Wednesday, September 17, 2014

An Argument For SMaSH Beers

I look around the brewing community today and I see a lot of crazy innovative beers with ingredients that I have never heard of let alone ever tasted. The beer profiles can get so complex that they can start to intimidate the drinker. But there is good news, SMaSH beers. SMaSH stands for Single Malt and Single Hop and begins to simplify the brewing and the tasting process.

Thursday, August 21, 2014

Microorganisms In Your Beer?

 Bacteria and fungi are two words that make home brewers around the world cringe. However, what would you say if I told you that there are good bacteria and fungi in the brewing world? Most of you would think that I am absolutely insane, but I know there are a few fellow microbiology oriented home brewers out there that have a grin on their face. Now let me tell you why.

Friday, January 18, 2013

Make your own Counter-Flow Wort Chiller

     Okay, so you're interested in making your own home-brewing station and you've got most of the equipment all sorted, but you're running into a wall with how to chill your wort. Just going to your local home-brewing store and buying the setup would be the easiest thing to do, but let's just say you want to pinch a few pennies and make your own wort cooling system. Here's where we come in. With a small trip to the local hardware store and a budget of under $50, my brother and I have created a basic but effective wort chilling system that works like a charm. Here's what you'll need:

Thursday, January 17, 2013

You Can Have Whatever You Want

   Our mission statement says that we want this to become an interactive blog between the writers and the readers. So I have had a novel idea, you are going to give us a new topic! Ask any question about home brewing or beer in general, the best part of this is that it can be anything! The more questions you ask the more questions we will answer.
     I will leave you with a little taste of what the future will hold. Plans are in the working to build a mash tun so that we can change our system to a full grain, these plans and hopefully photos of us building this will be put on here within the next few months. I am also going to post a step by step brew from start to finish in the most simple form. Hopefully by seeing this, you will be inspired to go out and try home brewing as well. Big things are happening in the home brewing world and we will be bringing them to you every week. Until next time, keep your glasses full!

Wednesday, January 16, 2013

Lager Lager Lager

     Now that we have covered the ales, we must now turn our focus to lagers. Remember that I mentioned earlier that the main distinction of lagers is that they use bottom fermenting yeast that ferment optimally at colder temperatures. Until the invention of refrigeration (mid 1800's), lagers were brewed during the winter in caves. Large chunks of ice were cut from the local water supply and then taken down to the caves and used to keep the cold temperatures in there for very long periods of time. Needless to say this was time consuming and not too efficient. Refrigeration allowed brewers to brew lagers year round in their lagering cellars and allowed consumers to consume these beer in mass quantities.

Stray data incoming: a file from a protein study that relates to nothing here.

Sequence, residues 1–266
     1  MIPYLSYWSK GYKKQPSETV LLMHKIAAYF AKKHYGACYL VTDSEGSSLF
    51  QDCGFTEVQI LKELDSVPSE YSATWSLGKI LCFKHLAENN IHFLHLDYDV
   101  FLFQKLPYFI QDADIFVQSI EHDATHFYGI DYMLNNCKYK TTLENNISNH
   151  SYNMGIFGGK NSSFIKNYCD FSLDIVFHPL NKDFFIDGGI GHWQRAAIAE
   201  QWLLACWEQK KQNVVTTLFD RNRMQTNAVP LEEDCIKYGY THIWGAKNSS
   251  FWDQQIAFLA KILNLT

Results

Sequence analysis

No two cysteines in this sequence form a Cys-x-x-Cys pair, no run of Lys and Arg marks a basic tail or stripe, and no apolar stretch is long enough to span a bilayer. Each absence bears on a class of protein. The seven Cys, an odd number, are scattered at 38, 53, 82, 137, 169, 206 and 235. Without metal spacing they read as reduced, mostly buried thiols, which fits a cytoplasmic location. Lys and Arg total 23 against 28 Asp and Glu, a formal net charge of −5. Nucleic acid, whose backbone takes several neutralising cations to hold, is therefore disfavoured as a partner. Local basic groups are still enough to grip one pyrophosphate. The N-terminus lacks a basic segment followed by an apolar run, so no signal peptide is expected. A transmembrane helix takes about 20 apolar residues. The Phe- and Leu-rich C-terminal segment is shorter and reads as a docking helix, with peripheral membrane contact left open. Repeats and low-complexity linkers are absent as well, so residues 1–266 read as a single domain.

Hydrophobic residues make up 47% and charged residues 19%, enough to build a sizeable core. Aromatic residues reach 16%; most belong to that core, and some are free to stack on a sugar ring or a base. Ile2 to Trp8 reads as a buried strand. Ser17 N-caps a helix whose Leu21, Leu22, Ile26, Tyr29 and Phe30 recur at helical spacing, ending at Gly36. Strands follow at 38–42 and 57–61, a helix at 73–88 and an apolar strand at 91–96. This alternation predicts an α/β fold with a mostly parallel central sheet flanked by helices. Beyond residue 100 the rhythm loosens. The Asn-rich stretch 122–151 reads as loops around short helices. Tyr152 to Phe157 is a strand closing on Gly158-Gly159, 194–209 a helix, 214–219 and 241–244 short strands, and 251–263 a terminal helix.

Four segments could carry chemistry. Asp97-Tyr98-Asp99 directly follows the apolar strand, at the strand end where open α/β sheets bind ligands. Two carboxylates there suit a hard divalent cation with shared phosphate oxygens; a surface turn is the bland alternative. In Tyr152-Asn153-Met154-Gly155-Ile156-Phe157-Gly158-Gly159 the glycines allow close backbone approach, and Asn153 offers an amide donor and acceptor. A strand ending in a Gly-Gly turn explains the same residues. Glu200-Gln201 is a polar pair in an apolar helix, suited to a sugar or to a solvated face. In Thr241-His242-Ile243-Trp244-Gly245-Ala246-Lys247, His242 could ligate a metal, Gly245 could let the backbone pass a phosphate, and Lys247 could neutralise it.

Brewing Technologies: Cooling your wort

     One of the main obstacles that you will encounter while home brewing a batch of beer is the need to cool your boiling wort (approximately at 180 to 200 degrees Fahrenheit) to a much lower temperature (around 75 degrees Fahrenheit) in order to be able to pitch the yeast. Initially, one may think that simply dunking the pot into an ice bath would work, but this method is archaic and inefficient, not to mention time consuming. Here's where most home brewer's have to make a major decision with what way you should cool your wort. The two most common options available are the immersion or the counter-flow wort chiller, and both have their ups and downs.

A Tale of an Ale

                Alright now that you are in deep and already reading the second posting of this blog, we need to establish one extremely important ground rule. This is the only rule I will ever make about the reading of this blog; while you are reading this you must be in the process of enjoying a beer. It doesn't matter what kind of beer it is as long as you are enjoying it to the fullest.
                Now that we have the ground rules established it is time to expand on the topic of last time; ales and lagers. Today let’s focus on the ale side of the family. Now your typical styles might include Brown Ales, Amber Ales, and Indian Pale Ales. What gives it away that they are ales? That’s right the name! But there are plenty of other beer styles that are considered ales without the word incorporated into the name. A few that we will discuss today are going to be Wheat Beers, Porters, and Stouts.